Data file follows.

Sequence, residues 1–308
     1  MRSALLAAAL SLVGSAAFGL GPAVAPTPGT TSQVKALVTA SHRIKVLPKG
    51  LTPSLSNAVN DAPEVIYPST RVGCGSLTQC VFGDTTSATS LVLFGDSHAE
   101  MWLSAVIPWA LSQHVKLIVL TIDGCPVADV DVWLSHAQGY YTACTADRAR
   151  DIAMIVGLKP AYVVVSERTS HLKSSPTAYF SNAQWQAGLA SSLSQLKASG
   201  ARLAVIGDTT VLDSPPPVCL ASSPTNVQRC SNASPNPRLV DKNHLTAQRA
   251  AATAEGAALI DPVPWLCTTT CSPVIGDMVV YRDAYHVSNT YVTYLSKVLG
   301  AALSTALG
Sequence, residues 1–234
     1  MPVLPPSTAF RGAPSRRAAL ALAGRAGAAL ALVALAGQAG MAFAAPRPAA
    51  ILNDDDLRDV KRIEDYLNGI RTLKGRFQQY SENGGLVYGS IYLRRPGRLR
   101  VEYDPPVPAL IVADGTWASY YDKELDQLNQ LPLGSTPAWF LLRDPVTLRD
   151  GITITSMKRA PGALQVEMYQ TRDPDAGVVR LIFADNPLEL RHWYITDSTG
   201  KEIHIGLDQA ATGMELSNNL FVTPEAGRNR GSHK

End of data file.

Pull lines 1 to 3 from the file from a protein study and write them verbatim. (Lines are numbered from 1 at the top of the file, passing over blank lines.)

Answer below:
Sequence, residues 1–308
     1  MRSALLAAAL SLVGSAAFGL GPAVAPTPGT TSQVKALVTA SHRIKVLPKG
    51  LTPSLSNAVN DAPEVIYPST RVGCGSLTQC VFGDTTSATS LVLFGDSHAE